# Strong induction and vacuous truth

I was pondering a bit more about this question regarding being able to "omit" the base case in a proof by strong induction due to vacuous truth. The post states:

Strong induction proves a sequence of statements $$P(0), P(1), …$$ by proving the implication

"If $$P(m)$$ is true for all nonnegative integers $$m$$ less than $$n$$, then $$P(n)$$ is true."

for every nonnegative integer $$n$$. There is no need for a separate base case, because the $$n=0$$ instance of the implication is the base case, vacuously.

However, if we consider $$n=0$$, we would have that the statement is vacuously true, which I would take to mean that the implication is true regardless of the validity of $$P(0)$$. However, clearly it's necessary for $$P(0)$$ to hold for an induction proof to be valid. So I'm confused on how, by omitting the base case, $$n=0$$ isn't just a tautology, making the implication true regardless of whether $$P(0)$$ actually holds.

• For $n=0$, the premise ''If P(m) is true for all nonneg. integers m less than 0'' is vacuously true. But its an implication and so you need to prove that P(0) is true. – Wuestenfux Jan 2 '19 at 9:29
• @Wuestenfux Ah, so it isn't the implication that's vacuously true, it's the premise is vacuously true, so since $T \Rightarrow P(0) \Leftrightarrow P(0)$, it precisely boils down to proving $P(0)$? – rb612 Jan 2 '19 at 9:32

$$(∀n)[(∀m)(m < n \to P(m)) \to P(n)] \to (∀n) P(n)$$.

So, in order to conclude with $$(∀n) P(n)$$ we have to show that : $$(∀n)[(∀m)(m < n \to P(m)) \to P(n)]$$ holds.

If I understand well, your concern is with $$n=0$$.

In that case, we have :

$$(∀m)(m < 0 \to P(m)) \to P(0)$$.

But $$(m < 0 \to P(m))$$ is vacuously true (there are no $$m < 0$$). Thus, the conditional amounts to : $$\text T \to P(0)$$ and there is only one possibility to satisfies it : when $$P(0)$$ is true.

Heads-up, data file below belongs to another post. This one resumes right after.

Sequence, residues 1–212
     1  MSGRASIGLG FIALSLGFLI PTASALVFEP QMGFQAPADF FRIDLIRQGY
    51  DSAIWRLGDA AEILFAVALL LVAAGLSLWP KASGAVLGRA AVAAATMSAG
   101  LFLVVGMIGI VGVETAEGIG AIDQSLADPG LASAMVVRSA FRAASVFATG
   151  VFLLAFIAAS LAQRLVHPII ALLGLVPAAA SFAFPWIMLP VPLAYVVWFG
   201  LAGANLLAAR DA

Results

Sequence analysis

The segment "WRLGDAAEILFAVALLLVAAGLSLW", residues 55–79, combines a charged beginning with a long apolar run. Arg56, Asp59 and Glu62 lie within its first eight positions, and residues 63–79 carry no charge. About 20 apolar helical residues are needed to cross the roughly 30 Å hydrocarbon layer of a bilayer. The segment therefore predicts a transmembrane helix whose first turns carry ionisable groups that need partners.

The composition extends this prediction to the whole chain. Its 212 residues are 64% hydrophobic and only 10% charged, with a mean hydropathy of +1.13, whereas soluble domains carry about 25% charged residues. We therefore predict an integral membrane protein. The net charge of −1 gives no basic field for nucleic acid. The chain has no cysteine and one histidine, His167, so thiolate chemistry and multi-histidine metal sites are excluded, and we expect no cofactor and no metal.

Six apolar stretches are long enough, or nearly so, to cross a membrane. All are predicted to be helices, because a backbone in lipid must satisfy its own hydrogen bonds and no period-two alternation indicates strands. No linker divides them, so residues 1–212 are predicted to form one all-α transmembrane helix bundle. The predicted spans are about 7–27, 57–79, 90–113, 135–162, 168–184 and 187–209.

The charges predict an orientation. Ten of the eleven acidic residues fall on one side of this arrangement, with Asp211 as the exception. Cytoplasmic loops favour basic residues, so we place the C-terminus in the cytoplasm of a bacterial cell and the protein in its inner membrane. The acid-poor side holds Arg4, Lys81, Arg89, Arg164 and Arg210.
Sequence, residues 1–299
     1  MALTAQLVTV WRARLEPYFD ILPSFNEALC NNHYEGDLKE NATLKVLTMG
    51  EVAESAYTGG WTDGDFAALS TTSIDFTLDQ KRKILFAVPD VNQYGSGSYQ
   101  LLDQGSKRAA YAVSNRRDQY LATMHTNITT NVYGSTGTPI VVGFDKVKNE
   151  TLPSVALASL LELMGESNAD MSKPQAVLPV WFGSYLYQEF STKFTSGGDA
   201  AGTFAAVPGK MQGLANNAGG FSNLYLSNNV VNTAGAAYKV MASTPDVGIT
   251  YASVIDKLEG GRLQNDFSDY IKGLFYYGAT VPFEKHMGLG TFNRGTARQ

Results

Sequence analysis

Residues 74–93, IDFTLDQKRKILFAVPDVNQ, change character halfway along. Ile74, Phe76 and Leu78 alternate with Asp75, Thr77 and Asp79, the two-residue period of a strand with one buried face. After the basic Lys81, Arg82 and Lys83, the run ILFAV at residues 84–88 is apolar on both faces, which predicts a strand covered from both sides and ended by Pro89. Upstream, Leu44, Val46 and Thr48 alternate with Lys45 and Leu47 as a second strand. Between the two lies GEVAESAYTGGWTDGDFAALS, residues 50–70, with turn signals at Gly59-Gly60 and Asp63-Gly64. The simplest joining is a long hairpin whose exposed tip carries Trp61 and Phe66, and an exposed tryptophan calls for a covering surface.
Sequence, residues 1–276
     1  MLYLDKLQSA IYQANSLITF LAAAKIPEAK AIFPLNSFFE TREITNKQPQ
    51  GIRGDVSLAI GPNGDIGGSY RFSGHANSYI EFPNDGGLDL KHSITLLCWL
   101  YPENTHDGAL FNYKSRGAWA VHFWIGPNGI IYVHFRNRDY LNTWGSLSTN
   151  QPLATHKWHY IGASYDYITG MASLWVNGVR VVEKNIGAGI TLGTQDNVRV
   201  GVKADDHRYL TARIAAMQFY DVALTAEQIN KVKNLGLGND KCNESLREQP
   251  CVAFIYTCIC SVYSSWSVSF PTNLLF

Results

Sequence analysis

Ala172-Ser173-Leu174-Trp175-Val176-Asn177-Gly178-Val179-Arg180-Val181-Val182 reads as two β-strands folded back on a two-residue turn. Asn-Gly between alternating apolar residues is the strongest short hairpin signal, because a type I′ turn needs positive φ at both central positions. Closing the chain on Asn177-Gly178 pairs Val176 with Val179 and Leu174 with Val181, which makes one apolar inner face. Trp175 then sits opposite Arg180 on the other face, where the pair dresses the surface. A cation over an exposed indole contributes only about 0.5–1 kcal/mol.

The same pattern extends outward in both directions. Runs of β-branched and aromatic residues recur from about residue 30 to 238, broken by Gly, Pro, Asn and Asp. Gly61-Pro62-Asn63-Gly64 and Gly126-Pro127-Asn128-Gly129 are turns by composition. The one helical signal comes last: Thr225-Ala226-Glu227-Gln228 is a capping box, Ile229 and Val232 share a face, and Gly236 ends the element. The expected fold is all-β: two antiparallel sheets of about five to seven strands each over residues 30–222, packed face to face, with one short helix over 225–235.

• To the proposer: So the assertion that $[\forall m\ge 0\;(m<n\to P(m))]\to P(n)$ holds for all $n\ge 0,$ does imply that the "base-case" $P(0)$ is true. – DanielWainfleet Jan 2 '19 at 11:36

In strong induction, you show that each instance of $$P(n)$$ can be reduced to one or more cases $$P(m)$$ with $$m, so if all smaller cases are known to be true then case $$n$$ follows. The distinction from normal induction is that you don't necessarily know what values of $$m$$ $$P(n)$$ will reduce to, in particular it is not necessarily $$m=n-1$$, so you need to know all previous cases. A simple example is to prove that every integer at least $$2$$ is a product of primes: for a given integer $$n\geq 2$$, either $$n$$ is prime (so trivially true) or $$n$$ is a product of two integers $$a,b\geq 2$$. Now $$a,b, so both are products of primes, and we're done.

In this case there is no need for a separate base case. If $$n=2$$, what happens is that there are no integers $$a,b$$ with $$2\leq a,b, so the second case above can't happen and $$n$$ must be prime. Here your reduction to smaller $$m$$ happens to include a proof of the base case.

However, normally what happens is that the reduction to smaller case(s) doesn't work for the smallest value of $$n$$, and you do need a separate base case. For example, you might be trying to prove the same statement for $$n\geq 1$$, and then you need to deal with $$n=1$$ (the empty product) separately, since the statement that $$n$$ is prime or can be written as the product of two smaller positive integers doesn't hold for $$n=1$$.

For any strong induction one of these two things happens. If the proof of the reduction breaks down for $$n=0$$ (or whatever the minimum $$n$$ is), you have to do the base case separately; if it doesn't, this gives a reason why $$P(0)$$ is vacuously true.